Most first-year students face food insecurity when they join college. This challenge makes most of the students experience hunger or a poor diet. Notably, these students have a college meal plan, which allows them to take most of their meals from the campus cafeteria. Despite having this meal plan, several factors could prompt a student to miss the food in college and eat in a restaurant outside the campus. For instance, some lectures may take longer and make college student miss their meal. Other factors that may make the student take their meals out of the campus cafeteria include co-curricular activities that may not allow them to take their meals, especially during the weekends. As such, parents of freshmen students should allocate a significant amount of money to allow their children to have an alternative food source such as in a restaurant. However, most parents believe that students spend approximately $50 per week on eating out. This study will gather information from a sample of college students and test whether this belief by the parents is true. I will use interviews and later analyze data using a Likert scale to come up with conclusions.
The Problem of the Statement
The majority of college students find themselves in difficult budget constraints, making many fall into a poor diet. While some may have enough for a meal plan, grocery, and personal use and fun, most would starve rather paying for expensive foods. However, for some, cutting spending and living within their means is the only way to see them through college life (Mukigi 106). These students must work under tight budgets to avoid running out of money before the semester end. The freshmen’s parent believes that a student should spend at most $50 per week eating out. Eating out often may sound cheap to parents, but it can be extremely expensive. Study shows that most millennial students are spending about 44% of their food budget on eating out. Putting that into perspective means a student will spend between $10 -$15 per meal inclusive of a drink. With this type of spending, there are high chances of $50 turning into $250 per week; hence one needs to make smarter choices.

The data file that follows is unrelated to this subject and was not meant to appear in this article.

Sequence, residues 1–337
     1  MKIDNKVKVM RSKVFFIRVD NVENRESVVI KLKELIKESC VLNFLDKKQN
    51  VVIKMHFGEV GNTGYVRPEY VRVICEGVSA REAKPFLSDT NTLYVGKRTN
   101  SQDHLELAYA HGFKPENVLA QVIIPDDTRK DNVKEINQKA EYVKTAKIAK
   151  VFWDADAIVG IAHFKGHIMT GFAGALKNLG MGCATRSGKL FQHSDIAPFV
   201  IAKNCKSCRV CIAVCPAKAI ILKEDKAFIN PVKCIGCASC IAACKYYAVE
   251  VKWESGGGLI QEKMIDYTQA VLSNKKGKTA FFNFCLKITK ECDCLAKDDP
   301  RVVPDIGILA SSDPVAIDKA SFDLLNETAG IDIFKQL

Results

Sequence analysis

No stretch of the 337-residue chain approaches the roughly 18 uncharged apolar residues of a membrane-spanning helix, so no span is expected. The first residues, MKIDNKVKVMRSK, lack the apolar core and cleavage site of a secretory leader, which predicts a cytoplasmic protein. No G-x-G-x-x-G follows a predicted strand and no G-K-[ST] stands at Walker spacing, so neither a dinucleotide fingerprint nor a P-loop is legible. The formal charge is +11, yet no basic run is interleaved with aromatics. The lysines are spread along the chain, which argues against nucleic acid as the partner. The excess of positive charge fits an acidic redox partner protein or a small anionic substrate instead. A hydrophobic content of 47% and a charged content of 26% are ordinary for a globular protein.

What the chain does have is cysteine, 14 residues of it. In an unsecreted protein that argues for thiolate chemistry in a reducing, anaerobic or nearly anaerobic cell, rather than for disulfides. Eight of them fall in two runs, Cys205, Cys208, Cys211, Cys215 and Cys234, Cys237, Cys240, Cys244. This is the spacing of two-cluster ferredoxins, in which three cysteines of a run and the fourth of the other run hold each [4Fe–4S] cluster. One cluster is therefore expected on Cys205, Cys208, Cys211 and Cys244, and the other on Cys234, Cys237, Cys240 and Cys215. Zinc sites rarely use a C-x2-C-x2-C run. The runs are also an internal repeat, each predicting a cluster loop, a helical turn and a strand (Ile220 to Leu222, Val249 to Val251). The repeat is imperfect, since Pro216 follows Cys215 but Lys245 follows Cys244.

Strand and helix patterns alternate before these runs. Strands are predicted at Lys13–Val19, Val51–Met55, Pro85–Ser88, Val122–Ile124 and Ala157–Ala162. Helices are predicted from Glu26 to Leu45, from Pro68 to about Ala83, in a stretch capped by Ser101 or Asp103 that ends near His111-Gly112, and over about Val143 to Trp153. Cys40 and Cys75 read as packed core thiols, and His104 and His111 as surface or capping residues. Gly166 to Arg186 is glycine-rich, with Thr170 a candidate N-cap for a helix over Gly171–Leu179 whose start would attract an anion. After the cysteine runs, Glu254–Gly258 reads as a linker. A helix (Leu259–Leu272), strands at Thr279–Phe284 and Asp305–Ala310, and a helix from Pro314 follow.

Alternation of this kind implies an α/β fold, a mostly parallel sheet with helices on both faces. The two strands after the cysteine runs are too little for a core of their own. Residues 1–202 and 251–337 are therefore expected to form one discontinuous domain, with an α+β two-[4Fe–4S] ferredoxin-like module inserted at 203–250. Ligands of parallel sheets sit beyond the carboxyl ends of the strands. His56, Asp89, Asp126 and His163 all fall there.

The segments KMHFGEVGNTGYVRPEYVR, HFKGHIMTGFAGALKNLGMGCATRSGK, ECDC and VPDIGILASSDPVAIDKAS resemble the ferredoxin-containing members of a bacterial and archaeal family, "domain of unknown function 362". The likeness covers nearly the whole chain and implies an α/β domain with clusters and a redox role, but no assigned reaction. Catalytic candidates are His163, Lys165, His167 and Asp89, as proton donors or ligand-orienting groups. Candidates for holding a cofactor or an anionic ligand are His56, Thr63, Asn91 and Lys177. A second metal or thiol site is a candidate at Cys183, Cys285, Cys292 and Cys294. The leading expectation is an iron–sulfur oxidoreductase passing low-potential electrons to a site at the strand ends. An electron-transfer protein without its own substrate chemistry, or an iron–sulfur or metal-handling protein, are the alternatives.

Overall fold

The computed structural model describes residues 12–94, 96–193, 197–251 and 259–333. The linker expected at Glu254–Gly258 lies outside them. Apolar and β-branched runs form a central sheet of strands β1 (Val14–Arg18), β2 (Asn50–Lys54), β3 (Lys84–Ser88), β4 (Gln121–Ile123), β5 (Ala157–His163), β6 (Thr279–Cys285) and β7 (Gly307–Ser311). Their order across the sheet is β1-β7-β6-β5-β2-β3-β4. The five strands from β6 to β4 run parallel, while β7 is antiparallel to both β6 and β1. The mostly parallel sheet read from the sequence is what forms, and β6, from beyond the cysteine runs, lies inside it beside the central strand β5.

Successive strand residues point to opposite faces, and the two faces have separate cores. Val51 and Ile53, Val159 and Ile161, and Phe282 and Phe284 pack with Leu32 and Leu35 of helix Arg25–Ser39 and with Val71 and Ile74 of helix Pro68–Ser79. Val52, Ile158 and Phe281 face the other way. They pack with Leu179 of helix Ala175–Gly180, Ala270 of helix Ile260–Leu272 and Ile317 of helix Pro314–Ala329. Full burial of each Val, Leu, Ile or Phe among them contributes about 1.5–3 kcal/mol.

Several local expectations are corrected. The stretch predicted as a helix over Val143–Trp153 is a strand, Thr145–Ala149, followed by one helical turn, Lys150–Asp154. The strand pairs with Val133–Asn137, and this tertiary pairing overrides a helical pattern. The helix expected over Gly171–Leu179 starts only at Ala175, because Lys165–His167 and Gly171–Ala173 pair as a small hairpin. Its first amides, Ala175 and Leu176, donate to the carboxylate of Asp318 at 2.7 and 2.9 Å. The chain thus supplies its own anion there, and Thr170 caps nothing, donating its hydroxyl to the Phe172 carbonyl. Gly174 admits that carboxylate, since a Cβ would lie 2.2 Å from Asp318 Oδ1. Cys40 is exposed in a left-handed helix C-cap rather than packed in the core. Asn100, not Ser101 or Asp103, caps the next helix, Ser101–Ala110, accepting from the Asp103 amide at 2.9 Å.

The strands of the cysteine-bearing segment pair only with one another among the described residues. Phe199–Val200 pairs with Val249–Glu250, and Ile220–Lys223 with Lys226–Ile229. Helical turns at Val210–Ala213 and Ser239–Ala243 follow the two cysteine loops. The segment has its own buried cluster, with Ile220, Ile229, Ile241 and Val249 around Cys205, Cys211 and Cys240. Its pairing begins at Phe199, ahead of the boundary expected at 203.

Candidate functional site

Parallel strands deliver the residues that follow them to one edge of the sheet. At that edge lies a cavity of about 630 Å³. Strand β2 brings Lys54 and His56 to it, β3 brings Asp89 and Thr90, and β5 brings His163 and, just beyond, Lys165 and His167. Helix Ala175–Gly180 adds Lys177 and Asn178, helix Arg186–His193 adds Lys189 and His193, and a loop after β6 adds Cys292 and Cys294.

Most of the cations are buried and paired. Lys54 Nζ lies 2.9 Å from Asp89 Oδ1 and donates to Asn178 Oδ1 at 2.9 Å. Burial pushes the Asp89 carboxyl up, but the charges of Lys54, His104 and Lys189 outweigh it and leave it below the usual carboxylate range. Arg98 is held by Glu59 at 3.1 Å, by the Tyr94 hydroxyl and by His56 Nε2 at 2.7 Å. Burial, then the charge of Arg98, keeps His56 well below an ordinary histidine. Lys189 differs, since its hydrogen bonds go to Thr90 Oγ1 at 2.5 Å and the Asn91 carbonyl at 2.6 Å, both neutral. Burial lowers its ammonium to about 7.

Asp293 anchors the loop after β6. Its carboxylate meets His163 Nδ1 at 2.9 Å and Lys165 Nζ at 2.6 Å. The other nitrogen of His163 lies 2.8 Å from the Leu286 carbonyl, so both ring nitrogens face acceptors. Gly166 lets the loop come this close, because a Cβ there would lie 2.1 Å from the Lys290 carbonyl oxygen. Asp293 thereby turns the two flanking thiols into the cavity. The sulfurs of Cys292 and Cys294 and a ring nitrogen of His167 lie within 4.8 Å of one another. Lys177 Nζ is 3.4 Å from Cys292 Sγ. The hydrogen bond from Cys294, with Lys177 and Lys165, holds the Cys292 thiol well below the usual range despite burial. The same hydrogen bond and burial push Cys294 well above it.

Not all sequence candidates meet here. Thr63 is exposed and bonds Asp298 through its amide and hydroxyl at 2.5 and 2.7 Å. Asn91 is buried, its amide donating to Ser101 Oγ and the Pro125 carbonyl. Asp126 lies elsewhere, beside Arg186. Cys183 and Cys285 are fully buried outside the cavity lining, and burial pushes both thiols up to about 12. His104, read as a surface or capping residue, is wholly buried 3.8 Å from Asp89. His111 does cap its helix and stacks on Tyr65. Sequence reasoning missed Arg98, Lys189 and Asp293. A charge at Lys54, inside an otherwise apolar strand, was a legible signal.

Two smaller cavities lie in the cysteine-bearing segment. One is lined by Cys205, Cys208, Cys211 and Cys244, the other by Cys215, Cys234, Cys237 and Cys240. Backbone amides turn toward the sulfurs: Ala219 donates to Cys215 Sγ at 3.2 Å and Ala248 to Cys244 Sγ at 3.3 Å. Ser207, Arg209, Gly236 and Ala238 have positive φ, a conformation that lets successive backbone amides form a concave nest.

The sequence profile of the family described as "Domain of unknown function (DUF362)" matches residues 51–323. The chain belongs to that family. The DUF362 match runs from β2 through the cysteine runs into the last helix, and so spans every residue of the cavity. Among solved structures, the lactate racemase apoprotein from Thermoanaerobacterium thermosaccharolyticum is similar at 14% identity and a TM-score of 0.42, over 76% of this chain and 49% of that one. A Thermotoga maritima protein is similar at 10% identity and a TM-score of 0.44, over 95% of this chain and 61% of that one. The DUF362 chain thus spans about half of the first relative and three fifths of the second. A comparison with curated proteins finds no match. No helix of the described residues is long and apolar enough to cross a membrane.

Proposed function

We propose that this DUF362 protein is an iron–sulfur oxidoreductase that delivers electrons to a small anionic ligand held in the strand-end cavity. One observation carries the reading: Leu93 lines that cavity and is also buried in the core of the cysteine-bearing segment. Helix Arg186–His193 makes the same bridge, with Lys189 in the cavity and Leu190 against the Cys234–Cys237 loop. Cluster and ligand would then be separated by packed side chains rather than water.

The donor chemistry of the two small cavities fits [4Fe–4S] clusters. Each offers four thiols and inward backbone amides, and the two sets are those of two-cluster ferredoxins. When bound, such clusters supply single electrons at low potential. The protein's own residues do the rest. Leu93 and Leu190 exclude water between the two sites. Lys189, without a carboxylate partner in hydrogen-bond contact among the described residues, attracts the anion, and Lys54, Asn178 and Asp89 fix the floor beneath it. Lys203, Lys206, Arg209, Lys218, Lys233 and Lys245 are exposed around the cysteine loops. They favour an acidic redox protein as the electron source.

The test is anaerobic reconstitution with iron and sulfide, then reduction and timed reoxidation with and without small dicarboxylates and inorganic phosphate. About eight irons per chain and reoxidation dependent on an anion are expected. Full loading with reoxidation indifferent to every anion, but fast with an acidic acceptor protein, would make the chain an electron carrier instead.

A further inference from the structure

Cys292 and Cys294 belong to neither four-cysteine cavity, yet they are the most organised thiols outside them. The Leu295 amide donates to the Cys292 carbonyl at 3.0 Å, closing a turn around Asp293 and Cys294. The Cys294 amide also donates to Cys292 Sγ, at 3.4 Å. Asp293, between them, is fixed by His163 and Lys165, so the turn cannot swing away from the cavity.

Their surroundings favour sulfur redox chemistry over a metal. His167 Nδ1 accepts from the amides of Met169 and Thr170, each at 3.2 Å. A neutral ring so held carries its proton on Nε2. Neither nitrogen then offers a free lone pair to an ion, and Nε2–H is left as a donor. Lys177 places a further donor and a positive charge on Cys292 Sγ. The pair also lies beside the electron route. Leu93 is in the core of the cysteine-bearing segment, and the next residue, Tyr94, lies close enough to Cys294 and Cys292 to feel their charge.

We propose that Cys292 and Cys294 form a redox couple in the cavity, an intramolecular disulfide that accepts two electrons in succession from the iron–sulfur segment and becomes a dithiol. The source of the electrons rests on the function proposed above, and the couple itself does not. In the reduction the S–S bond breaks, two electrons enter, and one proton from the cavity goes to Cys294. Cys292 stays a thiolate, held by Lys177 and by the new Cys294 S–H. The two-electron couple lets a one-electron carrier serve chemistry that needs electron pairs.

While it is true that students sometimes do mismanage their finance and left wondering where all the money is furnished, some expenses are incurred due to the fluctuation of prices in the market. However, first-year students in their first year, supposed to be on an obligatory meal plan, $50 is enough for eating out (Mukigi 106). Notably, students under the meal plan get their main meals in school. Therefore, the $50 is enough for eating out, buying snacks and drinks, which are sometimes not covered in the meal plan. In most cases, first-year students have 17 of the 21 meals covered in the meal plan; that it’s at least two meals per day. Therefore, at most, $50 will be enough for first-year students per week eating out, a student will not strain, but it requires a high financial discipline to stay within the budget.
The data collection will involve gathering both primary and secondary data. The secondary information entails searching for information relating to expenditure on food among first-year students college students. Therefore, I will use the google scholar and other credible sources to find this data. The study will also entail using a systematic literature review before conducting the actual interview to gain more insight into the topic of research. Before searching for suitable themes, the researcher will first identify the hypothesis to narrow the study's scope (Oltmann 21). Notably, the google scholar will later provide credible information relating to the hypothesis. The secondary research methods will entail using a combination of keywords such as "freshmen student, "eating out," "food expenditure in college," and "weekly expenditure on food." After locating the relevant articles and journals, I will choose suitable ones based on specific inclusion criteria. This criterion will involve selecting the articles published between 2016 and 2020 to provide the most current and up-to-date information regarding expenditure on food.